Father's Day....I have been blessed to have had quite a few men be my father, stand in for my father, or just be there for me, as in the father of my 5 wonderful kids. Perhaps I have done this before but I've decided to do this again. Here's my run down with a few anecdotes:
My birth father was Henry Sylvester Czekala. I know he really loved my mom and she really loved him. I've learned from my grandmother that he loved to untie ladies' aprons and when he got out from the car, he'd just stand at the opened door and stretch a bit before proceeding. Patsy told me that he was one of the boys who hung around the corners, pitching pennies, and always had on the silky cowboy shirts. He always wanted to be a cowboy, even taking the nickname of Ace and had sort of an emblem like a brand that he'd draw either instead of his name or beside it.
My mom had told me that each day after work he'd come home, lie down on the floor, pick me up and held me 'standing' on my feet and aske "how much did my little girl grow today". Sadly he died when I was 4 months old. My mom repeated this gesture for him as he lay in the casket. And she repeated his words. Even now, as I write this I get teary. Oh how i wish he had lived and I wonder what our lives would have been like. Would they have been worse or better.
He loved to read so as to improve himself. He knew he didn't have the education my mom did but didn't allow the lack of funds to get in his way. He bought sets of classics and read them through so he could learn and having something to discuss with my mom.
Dying of a heart attack at such an early age was always attributed to being in General Patton's tank corps in WWII , sleeping under the tanks in all nasty weather as they marched up through African, up the boot of Italy. My Uncle Al Etzel told me that after the war my father worked in a horrible factory, with hammers that pounded away all day long. That probably with a weakened condition from WWII, the added to the stress.
So with the death of my father, my mom and I moved with my grandparents and aunt to Parma and my beloved Poppy became like a dad to me. My mom worked so I stayed with my grandmother during the days. My grandfather allowed me to put pin curls in his hair while we watched American Bandstand with Dick Clark every afternoon. Oddly, I can totally remember this. My Poppy was a jokester and loved to tease my mom and my aunt when they were young, scaring them and their friends during sleep overs. He wasn't my mom's birthday father (hers was a horrible man, who beat my grandmother and was quite the drunk. Gramma would make a bed in a the tub for my mom and the two of them would keep safe behind the locked door. When my mom was 8, my grandmother decided it was time to get a divorce. Poppy had loved my grandmother while they were all still young in England and followed her to America. He knew what the arranged marriage would become because he knew Joseph Morley Thomas. Luckily, my grandmother and Poppy met again and wed. He was the best of fathers to my mom and the best grandfather to me! Oh how I loved him.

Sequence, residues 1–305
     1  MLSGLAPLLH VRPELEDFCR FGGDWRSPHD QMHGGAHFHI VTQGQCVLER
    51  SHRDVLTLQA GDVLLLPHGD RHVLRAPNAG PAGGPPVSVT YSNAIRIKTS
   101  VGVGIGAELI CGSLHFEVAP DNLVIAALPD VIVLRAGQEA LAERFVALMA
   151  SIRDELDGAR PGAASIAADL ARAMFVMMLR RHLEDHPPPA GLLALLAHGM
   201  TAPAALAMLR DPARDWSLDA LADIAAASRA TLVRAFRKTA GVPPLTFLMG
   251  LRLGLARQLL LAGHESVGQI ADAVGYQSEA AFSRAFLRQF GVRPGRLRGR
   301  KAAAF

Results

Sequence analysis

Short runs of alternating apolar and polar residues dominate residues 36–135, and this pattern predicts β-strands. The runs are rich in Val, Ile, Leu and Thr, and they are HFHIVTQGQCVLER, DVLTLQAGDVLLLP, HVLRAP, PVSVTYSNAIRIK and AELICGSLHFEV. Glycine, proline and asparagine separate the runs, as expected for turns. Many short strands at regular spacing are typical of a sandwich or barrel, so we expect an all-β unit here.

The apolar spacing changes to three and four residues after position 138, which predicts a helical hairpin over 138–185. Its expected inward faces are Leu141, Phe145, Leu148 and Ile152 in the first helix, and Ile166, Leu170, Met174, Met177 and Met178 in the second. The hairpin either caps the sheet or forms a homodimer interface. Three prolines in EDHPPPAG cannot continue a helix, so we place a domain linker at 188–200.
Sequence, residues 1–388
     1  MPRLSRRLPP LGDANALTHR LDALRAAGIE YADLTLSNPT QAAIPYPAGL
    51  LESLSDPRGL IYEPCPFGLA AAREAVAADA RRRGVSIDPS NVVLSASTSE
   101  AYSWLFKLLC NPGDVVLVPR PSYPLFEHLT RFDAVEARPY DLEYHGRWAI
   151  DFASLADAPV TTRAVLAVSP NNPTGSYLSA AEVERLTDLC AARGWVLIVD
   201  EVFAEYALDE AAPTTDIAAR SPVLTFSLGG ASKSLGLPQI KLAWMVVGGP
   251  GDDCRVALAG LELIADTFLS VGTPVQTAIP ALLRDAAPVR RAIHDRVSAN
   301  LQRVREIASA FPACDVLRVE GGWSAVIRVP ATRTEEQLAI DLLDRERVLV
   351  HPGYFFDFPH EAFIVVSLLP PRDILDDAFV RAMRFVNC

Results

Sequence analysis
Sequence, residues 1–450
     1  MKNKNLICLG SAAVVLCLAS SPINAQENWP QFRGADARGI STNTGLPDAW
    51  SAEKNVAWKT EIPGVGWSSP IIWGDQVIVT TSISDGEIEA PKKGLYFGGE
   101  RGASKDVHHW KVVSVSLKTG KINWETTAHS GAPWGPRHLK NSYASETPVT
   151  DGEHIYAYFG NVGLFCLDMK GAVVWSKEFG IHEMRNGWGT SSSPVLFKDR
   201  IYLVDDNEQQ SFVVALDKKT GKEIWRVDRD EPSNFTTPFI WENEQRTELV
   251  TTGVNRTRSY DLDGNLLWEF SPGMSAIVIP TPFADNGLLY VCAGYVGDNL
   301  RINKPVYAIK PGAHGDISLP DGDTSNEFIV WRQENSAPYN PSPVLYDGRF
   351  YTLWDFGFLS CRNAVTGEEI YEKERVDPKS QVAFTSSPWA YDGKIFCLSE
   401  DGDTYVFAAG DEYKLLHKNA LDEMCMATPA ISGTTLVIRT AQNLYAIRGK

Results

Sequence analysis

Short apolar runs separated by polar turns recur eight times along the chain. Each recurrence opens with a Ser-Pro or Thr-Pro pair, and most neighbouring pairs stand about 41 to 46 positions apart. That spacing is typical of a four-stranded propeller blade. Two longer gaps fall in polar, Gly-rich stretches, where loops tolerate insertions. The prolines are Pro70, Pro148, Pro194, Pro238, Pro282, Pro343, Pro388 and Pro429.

When things were difficult with my mom and my first stepfather, Poppy would stroll up Darthworth Dr, which was just a dirt road then as Parma was just beginning to become populated. He'd tell my grandmother that he was just going to check on the kids...meaning my mom, my baby sister, and me. He never stopped in but just walked by the house to see that all was OK.
Not only was he a concert pianist but he also sang opera. Here he is in one of his performances. He would play the piano and allow me to stand next to him and sing, Bless this House and Mallott's Lord's Prayer. When I began piano lessons he coached me and corrected things that my first teacher did not. I remember my first recital. Everyone thought I had been playing for such a long time but it was that only because he helped me. He died in 1960...and I still miss him.
In 1953 my mom married John A Center and the two of them had my sister, Deborah. Daddy was a great provider. He worked hard but drank and gambled hard too. How my mom managed to save money, pay bills, keep us all together AND find the true gospel is still a wonderment to me.